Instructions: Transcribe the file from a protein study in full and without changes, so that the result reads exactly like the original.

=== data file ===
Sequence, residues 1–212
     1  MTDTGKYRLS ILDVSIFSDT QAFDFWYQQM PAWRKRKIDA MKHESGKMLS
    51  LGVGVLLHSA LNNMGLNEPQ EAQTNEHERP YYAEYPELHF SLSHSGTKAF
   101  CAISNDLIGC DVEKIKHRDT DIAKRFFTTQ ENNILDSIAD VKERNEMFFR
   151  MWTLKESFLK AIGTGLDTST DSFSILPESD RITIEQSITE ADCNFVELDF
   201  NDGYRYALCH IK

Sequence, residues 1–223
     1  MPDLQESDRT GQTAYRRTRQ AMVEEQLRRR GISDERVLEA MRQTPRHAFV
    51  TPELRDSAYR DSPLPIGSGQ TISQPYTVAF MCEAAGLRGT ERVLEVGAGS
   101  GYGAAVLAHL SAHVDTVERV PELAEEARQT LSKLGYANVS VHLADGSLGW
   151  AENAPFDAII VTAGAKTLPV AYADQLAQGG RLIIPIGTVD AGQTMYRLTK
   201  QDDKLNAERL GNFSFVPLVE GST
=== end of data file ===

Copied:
Sequence, residues 1–212
     1  MTDTGKYRLS ILDVSIFSDT QAFDFWYQQM PAWRKRKIDA MKHESGKMLS
    51  LGVGVLLHSA LNNMGLNEPQ EAQTNEHERP YYAEYPELHF SLSHSGTKAF
   101  CAISNDLIGC DVEKIKHRDT DIAKRFFTTQ ENNILDSIAD VKERNEMFFR
   151  MWTLKESFLK AIGTGLDTST DSFSILPESD RITIEQSITE ADCNFVELDF
   201  NDGYRYALCH IK

Sequence, residues 1–223
     1  MPDLQESDRT GQTAYRRTRQ AMVEEQLRRR GISDERVLEA MRQTPRHAFV
    51  TPELRDSAYR DSPLPIGSGQ TISQPYTVAF MCEAAGLRGT ERVLEVGAGS
   101  GYGAAVLAHL SAHVDTVERV PELAEEARQT LSKLGYANVS VHLADGSLGW
   151  AENAPFDAII VTAGAKTLPV AYADQLAQGG RLIIPIGTVD AGQTMYRLTK
   201  QDDKLNAERL GNFSFVPLVE GST